Lesson 1 of 5
Lesson 1 of 5
Specialty provider groups will have different policies, procedures, credentialing preferences, and billing models. All of these things are important for a clinic to understand before making a final decision. Click through the cards below to learn why each question is important to ask, and how the information learned can help you choose the best provider group.
Some specialty provider groups offer one specialty only (such as Behavioral Health) and others offer a wide variety of specialties (including Behavioral Health). Some clinics prefer the one stop shop for all their specialty needs, simplifying the contracting, credentialing, referral process and workflow, and other clinics prefer to shop around and find the best price for each specialty.
Ask “What specialties are available through this provider group?”
By proxy or full credentialing will make a difference in how fast you can bring a specialist on-board and should be established in advance. If you are billing on behalf of the specialty provider, you will need to bring them into your four walls and will need to credential them at your site. Some specialty service providers will only utilize credentialing by proxy, while others will accept your wishes for full credentialing. In addition, the specialty providers will need to be credentialed with the patient’s health plan.
Ask “Does the specialty group have a Credentialing policy or preference? “
Referral guidelines are an important communication tool that specifies the time required for new and follow-up patients, as well as if/when a provider should be in the room during the consult, and finally, the information that is needed prior to the consult (labs, chart notes, etc.). This will be helpful so that you know the exact requirements as they may vary from specialist and specialty. Also tests can be costly (and at times, unavailable) for a portion of your patient population.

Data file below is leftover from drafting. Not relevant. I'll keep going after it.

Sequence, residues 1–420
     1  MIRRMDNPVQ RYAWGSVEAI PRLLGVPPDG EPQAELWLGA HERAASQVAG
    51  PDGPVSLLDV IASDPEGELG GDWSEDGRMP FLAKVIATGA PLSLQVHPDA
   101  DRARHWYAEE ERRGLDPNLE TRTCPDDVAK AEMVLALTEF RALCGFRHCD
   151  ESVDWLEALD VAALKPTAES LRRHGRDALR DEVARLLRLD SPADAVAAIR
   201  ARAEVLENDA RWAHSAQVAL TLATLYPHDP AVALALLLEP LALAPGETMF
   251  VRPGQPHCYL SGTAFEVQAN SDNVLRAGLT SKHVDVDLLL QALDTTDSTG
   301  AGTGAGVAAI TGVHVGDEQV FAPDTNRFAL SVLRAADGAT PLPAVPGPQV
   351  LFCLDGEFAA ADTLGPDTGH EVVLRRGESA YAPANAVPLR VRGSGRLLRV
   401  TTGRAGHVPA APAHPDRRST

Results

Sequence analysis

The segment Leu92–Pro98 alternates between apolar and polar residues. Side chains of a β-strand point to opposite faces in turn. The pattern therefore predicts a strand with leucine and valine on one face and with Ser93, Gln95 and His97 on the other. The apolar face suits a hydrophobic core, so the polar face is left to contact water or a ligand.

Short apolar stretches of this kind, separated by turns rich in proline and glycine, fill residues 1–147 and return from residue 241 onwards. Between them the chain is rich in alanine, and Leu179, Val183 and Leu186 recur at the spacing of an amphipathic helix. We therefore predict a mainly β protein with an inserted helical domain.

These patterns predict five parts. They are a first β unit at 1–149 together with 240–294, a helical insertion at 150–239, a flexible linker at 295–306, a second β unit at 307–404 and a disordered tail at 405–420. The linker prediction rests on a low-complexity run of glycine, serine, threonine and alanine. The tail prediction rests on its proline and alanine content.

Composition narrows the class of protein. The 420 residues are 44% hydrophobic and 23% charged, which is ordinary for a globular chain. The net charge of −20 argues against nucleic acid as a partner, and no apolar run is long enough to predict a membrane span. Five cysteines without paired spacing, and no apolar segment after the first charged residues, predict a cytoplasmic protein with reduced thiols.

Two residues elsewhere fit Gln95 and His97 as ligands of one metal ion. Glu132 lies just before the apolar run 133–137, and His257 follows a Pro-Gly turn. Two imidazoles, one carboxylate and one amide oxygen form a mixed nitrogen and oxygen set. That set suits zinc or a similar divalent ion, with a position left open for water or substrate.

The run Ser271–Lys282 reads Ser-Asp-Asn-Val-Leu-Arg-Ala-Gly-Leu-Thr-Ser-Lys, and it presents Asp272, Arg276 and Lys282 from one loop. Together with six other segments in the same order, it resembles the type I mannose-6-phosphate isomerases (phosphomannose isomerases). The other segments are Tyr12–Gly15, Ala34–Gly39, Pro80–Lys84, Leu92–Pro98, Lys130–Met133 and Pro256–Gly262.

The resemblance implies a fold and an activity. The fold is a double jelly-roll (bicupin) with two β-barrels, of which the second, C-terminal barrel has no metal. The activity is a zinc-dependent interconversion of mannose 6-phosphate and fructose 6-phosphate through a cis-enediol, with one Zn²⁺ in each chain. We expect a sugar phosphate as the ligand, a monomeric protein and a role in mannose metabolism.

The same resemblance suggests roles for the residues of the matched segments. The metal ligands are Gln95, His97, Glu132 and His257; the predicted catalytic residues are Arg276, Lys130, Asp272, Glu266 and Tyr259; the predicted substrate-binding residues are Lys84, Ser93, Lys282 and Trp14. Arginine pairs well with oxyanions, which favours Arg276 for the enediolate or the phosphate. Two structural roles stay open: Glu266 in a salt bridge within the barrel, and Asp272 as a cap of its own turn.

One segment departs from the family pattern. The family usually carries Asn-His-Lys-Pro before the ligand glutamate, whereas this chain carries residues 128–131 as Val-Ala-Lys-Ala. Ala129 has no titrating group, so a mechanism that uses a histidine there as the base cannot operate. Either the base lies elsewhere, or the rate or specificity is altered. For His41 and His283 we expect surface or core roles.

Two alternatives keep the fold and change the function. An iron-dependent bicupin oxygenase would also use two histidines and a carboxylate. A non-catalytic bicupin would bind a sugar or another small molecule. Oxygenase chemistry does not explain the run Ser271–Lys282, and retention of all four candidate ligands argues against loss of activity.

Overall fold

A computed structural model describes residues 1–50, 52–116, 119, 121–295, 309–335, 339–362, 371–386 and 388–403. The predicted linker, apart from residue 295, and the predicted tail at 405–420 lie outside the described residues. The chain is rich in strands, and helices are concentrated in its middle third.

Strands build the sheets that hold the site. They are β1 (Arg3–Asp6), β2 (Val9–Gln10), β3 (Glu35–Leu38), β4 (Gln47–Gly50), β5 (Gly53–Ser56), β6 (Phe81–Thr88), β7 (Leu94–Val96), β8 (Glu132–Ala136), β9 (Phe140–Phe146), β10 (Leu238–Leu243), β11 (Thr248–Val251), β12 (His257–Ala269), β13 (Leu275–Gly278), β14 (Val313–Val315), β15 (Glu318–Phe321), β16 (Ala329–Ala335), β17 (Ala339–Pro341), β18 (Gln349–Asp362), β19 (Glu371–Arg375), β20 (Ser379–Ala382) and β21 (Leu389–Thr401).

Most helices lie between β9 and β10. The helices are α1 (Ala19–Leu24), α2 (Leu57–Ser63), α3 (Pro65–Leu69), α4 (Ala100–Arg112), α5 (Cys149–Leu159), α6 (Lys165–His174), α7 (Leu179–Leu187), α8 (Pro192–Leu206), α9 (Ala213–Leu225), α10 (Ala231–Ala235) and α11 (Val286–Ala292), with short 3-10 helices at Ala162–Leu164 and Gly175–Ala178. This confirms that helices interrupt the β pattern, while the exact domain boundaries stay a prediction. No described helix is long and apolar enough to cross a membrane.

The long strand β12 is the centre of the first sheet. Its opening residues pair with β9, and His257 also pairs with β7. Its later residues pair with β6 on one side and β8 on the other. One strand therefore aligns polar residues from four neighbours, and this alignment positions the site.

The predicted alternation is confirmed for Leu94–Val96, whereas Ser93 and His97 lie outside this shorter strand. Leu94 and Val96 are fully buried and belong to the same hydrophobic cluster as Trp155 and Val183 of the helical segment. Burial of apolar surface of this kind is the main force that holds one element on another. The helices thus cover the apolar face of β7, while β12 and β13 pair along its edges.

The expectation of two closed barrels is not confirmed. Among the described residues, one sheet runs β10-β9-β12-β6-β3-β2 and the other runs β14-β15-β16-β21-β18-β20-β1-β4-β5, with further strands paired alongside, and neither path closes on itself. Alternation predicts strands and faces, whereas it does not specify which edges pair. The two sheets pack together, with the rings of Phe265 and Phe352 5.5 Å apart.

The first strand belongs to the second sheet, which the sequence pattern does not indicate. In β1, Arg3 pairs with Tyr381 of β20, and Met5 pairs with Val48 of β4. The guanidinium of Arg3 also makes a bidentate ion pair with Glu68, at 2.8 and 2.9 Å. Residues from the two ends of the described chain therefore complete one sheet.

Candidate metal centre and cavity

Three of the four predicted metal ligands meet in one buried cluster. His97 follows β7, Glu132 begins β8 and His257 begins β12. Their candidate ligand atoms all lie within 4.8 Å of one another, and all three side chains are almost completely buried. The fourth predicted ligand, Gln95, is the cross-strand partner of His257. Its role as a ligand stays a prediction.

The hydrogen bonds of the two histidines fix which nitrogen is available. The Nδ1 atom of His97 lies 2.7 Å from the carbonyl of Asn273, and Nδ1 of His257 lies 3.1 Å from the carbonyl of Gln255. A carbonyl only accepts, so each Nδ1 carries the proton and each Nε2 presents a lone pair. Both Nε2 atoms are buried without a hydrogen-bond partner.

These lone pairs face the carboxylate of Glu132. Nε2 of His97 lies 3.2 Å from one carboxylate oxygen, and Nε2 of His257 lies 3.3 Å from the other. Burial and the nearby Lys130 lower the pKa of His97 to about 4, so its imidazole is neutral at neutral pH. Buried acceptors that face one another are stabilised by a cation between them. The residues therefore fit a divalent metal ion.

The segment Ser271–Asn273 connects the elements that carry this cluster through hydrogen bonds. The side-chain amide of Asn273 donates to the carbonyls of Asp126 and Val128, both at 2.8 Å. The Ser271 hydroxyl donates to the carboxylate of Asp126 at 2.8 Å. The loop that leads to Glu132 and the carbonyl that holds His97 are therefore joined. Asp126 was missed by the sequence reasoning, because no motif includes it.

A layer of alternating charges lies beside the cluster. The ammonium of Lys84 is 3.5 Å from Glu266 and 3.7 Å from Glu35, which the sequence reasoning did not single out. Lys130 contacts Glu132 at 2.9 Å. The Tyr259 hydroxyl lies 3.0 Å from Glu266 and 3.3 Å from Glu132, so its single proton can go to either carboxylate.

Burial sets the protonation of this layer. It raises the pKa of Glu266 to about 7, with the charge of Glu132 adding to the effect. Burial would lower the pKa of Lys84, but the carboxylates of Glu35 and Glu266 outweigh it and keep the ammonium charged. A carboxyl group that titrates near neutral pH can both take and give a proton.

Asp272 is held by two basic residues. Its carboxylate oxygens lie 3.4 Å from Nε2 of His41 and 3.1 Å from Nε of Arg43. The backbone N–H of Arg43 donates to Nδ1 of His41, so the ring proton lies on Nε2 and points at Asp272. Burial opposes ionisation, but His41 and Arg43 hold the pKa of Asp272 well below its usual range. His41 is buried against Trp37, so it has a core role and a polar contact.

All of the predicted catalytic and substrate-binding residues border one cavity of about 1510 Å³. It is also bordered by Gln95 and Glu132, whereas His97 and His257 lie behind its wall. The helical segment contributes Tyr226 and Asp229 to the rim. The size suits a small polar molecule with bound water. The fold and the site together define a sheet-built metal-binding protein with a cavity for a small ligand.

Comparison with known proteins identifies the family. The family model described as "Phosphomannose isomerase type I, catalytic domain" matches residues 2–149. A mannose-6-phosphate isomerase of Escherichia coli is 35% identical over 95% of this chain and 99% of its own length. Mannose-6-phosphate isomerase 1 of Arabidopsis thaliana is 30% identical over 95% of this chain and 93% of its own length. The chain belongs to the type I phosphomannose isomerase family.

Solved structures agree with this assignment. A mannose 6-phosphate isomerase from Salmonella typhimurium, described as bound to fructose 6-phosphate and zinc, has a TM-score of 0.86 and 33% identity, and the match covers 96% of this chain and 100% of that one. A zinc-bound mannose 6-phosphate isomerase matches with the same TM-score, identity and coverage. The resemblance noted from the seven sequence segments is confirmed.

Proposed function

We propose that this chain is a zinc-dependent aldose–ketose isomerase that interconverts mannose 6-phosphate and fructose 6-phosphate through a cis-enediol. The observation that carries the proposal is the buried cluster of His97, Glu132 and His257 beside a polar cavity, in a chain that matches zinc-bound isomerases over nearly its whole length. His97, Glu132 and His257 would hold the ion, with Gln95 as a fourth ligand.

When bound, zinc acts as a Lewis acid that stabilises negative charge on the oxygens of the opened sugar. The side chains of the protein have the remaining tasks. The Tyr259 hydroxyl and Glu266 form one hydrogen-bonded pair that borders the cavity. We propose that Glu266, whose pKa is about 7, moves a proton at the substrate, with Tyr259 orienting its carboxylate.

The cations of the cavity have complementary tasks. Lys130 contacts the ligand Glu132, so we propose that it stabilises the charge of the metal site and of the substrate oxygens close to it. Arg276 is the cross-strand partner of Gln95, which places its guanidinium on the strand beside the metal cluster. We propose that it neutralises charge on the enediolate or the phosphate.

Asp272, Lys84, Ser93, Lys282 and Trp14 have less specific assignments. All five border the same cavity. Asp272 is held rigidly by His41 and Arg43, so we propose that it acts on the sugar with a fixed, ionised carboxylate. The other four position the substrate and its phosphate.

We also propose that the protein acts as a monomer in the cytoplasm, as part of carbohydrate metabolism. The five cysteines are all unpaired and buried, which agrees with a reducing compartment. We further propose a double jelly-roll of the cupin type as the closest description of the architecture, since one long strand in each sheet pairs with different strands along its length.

Ask “Does the specialty provider group have referral guidelines for each specialty?”
There are several billing models used by specialty provider groups, and it’s important to discuss these and establish a model thats mutually beneficial in advance. These items will help determine the financial model that best fits your program. Note: Before you negotiate, you should know how many referrals you think you will have for each specialty and how soon you will be able start.
Ask “Does the provider group contract with your payer(s), bill you by the hour or block of time or patient seen, etc?”
Depending on the specialty services needed, as well as volume and modality for each specialty, rates will vary. Rates for store and forward specialties will typically be lower than live video specialties, and new patient appointments may be more expensive than follow-up appointments. Also, rates may vary according to the volume of patient referrals you anticipate sending to the specialty group. Keep in mind if a specialty group bills by the hour, it is important to know the time required for new and follow-up patients (see the next question). If the specialty group bills by the completed encounter, the rates may be higher than the hourly rate.
Ask “What are the rates for live video and store & forward? Are they the same for adult and pediatric?”